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Your kindergartner and social studies

How the world works: Kindergartners learn about countries and time.

By GreatSchools Staff

Who recalls the dates of the Byzantine Empire? Or that the Ohlone Indians spoke one of the Utian languages? Details from social studies are easy to forget once we graduate to the real world. Still, such primers in history, geography, politics, and anthropology are crucial to our children's educations.

How do you know if your child’s social studies curriculum stacks up? Check out our grade-by-grade milestones to understand your state and national standards.

Get curious

Kindergarten kids start to learn about time and space as an introduction to the concepts of history and geography. They should learn to distinguish past, present, and future time in their own lives and practice exploring various school locales.

Kindergartners also learn about national holidays and the stories of the people whose contributions we value enough to commemorate. In that vein, they'll learn about courage, heroism, and justice by studying famous examples from U.S. history.

"Social studies for young children needs to develop from children's natural curiosity about the world around them and their immediate environment," says Donna Adkins, Arkansas's 2004 Teacher of the Year.

Government rules

As members of a classroom community, kindergartners get a great introduction to the study of government by discussing rules and appropriate behavior. They should also learn to associate certain types of behavior with society's expectations for what it means to be a good citizen.

Adkins explains that one of the "most important skills young children can develop is the ability to get along and work with others. Teachers of young children spend much time helping children see the importance of being able to work and play with others."

Here is what you can expect your child to do in kindergarten social studies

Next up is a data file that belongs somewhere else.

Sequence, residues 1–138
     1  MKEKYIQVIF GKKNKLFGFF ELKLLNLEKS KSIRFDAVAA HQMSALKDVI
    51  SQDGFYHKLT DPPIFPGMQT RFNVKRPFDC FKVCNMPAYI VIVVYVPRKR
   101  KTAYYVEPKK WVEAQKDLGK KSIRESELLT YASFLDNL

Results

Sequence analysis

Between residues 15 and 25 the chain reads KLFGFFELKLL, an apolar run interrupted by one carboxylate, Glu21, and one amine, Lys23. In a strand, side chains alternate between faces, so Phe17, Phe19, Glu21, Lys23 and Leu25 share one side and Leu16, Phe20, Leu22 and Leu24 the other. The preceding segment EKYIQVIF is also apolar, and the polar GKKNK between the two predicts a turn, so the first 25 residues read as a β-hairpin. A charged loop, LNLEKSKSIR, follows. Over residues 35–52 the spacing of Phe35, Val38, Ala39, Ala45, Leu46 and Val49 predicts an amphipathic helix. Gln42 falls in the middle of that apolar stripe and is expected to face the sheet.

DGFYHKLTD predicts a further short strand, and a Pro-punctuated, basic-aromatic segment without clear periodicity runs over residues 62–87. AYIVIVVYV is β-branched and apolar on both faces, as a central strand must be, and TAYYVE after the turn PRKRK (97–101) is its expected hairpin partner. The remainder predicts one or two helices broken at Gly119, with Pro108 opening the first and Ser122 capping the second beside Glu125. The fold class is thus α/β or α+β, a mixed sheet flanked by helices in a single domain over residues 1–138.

• Become familiar with the events and people associated with U.S. national holidays
  • Put days, weeks, and months in the proper order
  • Recognize national and state symbols and icons, such as the flags and the Statue of Liberty
  • Learn that the world is divided into countries and that there are similarities and differences among cultures
  • Tell or show the difference between land and water on a globe or map
  • Begin to learn how his experience in his family, school and community differs from that of people in other countries and other times

What to look for when you visit

  • Maps and a globe
  • Calendars that reinforce the concept of time
  • Books with folktales from other cultures and biographies of historical figures
  • The teacher leading children in songs and games from other countries or other eras
  • Posted lists of rules about sharing, taking turns and other aspects of good classroom citizenship

Comments from readers

"My son is in Kindergarten (I'm making progress-lol), and I sat in one morning and watched the daily activites of the students. They did recite the 'Pledge of Allegance', followed by the school moto. (cute) Though I haven't heard anything about Columbus yet, he did tell me which 'party' he supported during the elction, and followed it with an impressive explanation. I am also noticing that he has a better understanding of past, present and future....kudos to all teachers!! "
"I notice you didn't list 'Learning the Pledge of Allegiance.' Some K teachers do this others don't. I think it is important to start this type of education (appreciation for country and traditions) early on."
"My kindergartner has learned that Columbus discovered America in 1492 by sailing over in three boats from Spain (relating this to Columbus Day). I thought we were long past teaching of such misleading euro-centric versions of history. Maybe it is part of my state's standards. Maybe it is the local school district. Maybe it is the teacher, who seems otherwise quite competent. However, teaching distorted history perpetuates ignorance and cultural bias that does not help our children succeed in today's America or world."
"i agree with th given information on your website. i am a mother of a six year old little boy. he was a november baby and i notice many things in the kinder ability area he is not familiar with. does a teacher want to say a child isn't ready because it might reflect badly on her; by passing the child to the first grade?"